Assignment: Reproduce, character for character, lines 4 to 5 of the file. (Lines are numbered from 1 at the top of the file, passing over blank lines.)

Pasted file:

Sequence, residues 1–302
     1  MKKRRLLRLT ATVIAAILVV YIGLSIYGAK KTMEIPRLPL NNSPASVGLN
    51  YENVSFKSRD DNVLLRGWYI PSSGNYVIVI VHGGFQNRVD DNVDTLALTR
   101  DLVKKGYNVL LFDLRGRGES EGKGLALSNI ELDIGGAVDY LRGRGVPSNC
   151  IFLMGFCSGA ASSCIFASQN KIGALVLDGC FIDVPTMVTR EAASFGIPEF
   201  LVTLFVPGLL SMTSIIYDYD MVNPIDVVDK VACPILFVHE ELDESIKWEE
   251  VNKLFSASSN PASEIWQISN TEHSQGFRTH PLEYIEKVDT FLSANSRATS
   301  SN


   101  DLVKKGYNVL LFDLRGRGES EGKGLALSNI ELDIGGAVDY LRGRGVPSNC
   151  IFLMGFCSGA ASSCIFASQN KIGALVLDGC FIDVPTMVTR EAASFGIPEF